plate cDNA, 18S ribosomal RNA was coamplified with transmembrane
activator and cAML interactor (TACI), A1, or bax using a QuantumRNA
18S kit (Ambion, Austin, TX). Aliquots (6 ?l) were collected at successive
cycles, analyzed by agarose gel electrophoresis, stained with SYBR Green
I (Molecular Probes, Eugene, OR), densitometrically imaged, and analyzed
with ImageQuant software (Molecular Dynamics, Sunnyvale, CA). Semi-
quantitative RT-PCR was graphed as cycle number vs log (density), and
the linear portions of the curves were compared and normalized to an 18S
ribosomal RNA internal standard. Densitometric values of other gene-spe-
cific RT-PCR were multiplied by correction factors derived from the 18S
rRNA RT-PCR results, and in turn plotted as cycle number vs log (adjusted
density) for comparison.
PCR primers had the following sequences: murine B cell maturation Ag
(BCMA)-1 and BCMA-3 primers were as reported by Madry et al. (19);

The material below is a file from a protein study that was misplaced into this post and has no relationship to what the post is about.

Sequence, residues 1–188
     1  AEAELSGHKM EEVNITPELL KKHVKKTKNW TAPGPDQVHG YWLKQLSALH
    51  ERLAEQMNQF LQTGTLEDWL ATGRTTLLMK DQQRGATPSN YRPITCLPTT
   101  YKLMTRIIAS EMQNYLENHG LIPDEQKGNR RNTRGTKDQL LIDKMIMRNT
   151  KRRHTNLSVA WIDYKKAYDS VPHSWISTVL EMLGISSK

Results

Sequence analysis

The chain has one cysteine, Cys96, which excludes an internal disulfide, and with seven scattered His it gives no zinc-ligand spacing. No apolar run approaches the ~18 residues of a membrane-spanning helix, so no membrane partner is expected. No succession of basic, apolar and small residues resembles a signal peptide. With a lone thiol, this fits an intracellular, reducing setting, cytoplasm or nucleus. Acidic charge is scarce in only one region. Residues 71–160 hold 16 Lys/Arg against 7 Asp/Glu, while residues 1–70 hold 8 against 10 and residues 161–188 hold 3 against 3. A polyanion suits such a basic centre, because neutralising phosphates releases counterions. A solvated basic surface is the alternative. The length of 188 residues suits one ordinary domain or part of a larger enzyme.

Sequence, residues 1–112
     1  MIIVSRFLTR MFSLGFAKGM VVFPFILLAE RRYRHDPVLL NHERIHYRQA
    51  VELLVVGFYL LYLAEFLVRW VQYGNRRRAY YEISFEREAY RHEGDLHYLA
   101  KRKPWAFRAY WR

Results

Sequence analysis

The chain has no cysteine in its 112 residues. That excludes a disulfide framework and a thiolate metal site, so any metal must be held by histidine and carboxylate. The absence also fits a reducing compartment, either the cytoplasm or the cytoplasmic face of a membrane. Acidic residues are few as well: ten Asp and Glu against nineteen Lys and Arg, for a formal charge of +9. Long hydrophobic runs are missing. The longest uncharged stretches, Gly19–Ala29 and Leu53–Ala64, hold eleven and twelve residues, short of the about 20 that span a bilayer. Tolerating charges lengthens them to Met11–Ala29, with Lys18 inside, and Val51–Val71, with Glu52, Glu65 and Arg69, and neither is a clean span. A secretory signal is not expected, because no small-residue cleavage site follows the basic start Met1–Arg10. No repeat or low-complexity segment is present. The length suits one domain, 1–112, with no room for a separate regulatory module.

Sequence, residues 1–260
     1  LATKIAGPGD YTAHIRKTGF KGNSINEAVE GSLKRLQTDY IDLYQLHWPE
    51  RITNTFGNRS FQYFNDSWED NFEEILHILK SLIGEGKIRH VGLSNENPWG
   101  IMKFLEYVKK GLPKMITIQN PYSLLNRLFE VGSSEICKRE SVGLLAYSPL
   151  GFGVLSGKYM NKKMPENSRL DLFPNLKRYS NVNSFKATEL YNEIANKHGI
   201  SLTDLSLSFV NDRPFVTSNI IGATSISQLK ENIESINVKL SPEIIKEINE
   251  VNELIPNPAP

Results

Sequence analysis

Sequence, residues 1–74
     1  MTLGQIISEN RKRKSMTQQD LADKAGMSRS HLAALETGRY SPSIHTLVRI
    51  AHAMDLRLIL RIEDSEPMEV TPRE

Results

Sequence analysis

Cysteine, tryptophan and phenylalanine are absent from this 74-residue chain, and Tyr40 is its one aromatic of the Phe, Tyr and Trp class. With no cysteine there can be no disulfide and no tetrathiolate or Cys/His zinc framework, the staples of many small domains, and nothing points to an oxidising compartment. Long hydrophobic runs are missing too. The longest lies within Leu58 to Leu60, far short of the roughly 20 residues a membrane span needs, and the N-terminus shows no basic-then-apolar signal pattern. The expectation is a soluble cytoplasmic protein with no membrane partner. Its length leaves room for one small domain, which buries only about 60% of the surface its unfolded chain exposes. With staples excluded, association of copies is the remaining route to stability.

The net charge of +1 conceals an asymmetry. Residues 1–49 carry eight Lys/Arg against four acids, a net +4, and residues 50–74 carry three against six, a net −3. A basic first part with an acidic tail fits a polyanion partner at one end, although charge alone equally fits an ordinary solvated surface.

murine TACI sense 5?-gcgcacctgtacagacttc-3?, TACI antisense 5?-gcct
caatcctggaccatg-3?; murine BR3 sense 5?-gcccagactcggaactgtccca-3?, BR3
antisense 5?-gcccagtagagatccctgggttcc-3? (18); bcl-2 and A1 primers as re-
ported for semiquantitative RT-PCR (20); bcl-x sense 5?-taagtgagcaggt
gttttggac-3?, antisense 5?-gggaggtgagaggtgagtgg-3?; bax primers and “clas-
sic” 18S primers were purchased as a relative RT-PCR kit (Ambion).
Results and Discussion
BLyS binding capacity and receptor expression shift with
Marrow B lineage subsets were resolved according to Hardy et al.
(21) and analyzed for BLyS binding. No appreciable binding was